The rules regulate and describe the principles in case more than the basic four players should participate in the game. Specifically, this is a variant for five to six participants. The basic set of cards and the number of events are modified. The game is of course longer, which has a negative effect on the overall experience. But it’s not that crucial, so if you get together more, you’ll appreciate this opportunity anyway.
However, we kept the most positively perceived novelty at the end. Each of the available nations (as well as those from other enlargements) are newly given a special ability. This is described in detail in the rules, but at the same time their representatives will also receive a corresponding description card. The specialties of the individual animals make sense and try to connect at least a little with the nature of the creature.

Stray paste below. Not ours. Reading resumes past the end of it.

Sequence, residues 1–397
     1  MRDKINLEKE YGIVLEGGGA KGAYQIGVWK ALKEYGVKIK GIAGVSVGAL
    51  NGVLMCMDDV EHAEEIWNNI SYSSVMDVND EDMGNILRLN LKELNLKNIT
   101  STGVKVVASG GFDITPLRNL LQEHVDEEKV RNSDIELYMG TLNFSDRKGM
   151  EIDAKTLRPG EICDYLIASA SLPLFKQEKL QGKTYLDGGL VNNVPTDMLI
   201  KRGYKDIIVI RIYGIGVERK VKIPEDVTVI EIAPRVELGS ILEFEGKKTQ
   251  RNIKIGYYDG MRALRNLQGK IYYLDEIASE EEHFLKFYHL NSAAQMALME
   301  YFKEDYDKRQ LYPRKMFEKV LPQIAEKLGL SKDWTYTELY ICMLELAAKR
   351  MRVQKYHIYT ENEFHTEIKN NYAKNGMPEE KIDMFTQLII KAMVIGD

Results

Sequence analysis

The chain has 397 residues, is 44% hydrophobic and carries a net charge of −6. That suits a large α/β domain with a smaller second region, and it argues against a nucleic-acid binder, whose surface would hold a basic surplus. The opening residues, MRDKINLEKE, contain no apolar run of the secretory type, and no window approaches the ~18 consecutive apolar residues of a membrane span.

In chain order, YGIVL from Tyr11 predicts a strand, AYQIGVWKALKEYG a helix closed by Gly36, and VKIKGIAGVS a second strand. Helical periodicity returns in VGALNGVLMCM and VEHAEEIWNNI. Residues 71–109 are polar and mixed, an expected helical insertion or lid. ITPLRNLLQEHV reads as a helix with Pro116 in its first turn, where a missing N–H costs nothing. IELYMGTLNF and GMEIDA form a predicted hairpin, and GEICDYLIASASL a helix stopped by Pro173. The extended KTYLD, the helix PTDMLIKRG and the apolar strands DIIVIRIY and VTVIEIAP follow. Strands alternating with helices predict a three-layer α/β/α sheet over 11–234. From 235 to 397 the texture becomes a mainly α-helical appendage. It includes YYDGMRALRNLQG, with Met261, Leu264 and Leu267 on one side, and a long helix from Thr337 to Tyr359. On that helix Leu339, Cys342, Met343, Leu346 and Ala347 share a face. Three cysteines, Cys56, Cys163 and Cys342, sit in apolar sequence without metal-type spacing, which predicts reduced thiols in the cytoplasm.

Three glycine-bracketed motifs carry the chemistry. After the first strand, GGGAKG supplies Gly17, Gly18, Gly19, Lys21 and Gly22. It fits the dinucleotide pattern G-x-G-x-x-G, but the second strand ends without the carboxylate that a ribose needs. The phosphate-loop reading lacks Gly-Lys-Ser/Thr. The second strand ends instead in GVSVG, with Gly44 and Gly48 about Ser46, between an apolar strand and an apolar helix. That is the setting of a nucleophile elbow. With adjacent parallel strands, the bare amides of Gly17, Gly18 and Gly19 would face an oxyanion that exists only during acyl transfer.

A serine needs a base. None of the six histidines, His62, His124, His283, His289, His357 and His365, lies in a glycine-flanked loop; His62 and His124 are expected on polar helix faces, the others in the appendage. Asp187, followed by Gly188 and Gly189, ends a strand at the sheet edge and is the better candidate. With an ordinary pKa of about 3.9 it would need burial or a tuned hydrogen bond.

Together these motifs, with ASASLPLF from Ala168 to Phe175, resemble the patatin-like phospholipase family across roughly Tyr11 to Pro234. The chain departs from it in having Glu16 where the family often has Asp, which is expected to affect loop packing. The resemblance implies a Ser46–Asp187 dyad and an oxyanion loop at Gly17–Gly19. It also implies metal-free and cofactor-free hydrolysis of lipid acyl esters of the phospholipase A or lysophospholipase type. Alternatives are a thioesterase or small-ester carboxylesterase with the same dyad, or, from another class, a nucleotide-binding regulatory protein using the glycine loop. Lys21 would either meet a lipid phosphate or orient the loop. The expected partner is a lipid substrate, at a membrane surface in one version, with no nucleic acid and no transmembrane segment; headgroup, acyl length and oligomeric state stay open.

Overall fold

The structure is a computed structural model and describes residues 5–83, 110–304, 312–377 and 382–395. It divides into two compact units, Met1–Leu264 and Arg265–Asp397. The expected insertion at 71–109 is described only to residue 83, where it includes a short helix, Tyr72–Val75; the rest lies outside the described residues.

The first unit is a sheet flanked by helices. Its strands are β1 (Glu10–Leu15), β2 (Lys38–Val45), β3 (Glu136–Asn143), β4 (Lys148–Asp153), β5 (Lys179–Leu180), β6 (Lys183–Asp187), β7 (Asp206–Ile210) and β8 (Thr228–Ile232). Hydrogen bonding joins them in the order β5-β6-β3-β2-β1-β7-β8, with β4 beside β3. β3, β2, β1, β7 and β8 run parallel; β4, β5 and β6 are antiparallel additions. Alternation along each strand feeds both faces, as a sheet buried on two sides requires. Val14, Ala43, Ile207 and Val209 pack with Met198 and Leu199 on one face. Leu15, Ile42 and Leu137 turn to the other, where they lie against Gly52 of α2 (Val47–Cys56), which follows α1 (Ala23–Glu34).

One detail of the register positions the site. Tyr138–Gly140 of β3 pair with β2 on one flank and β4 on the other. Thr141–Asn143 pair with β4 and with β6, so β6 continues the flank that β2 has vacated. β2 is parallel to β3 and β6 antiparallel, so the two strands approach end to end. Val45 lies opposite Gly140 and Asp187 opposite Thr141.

Players are free to decide which expansions they want to play with. Increasing the selection of some components is a matter of course and I recommend to do it immediately. The skills described in the last paragraph are also excellent. A small addition of asymmetry is a great idea, although it is not a significant difference. Even so, they are well balanced and no gender gains an unnecessary advantage.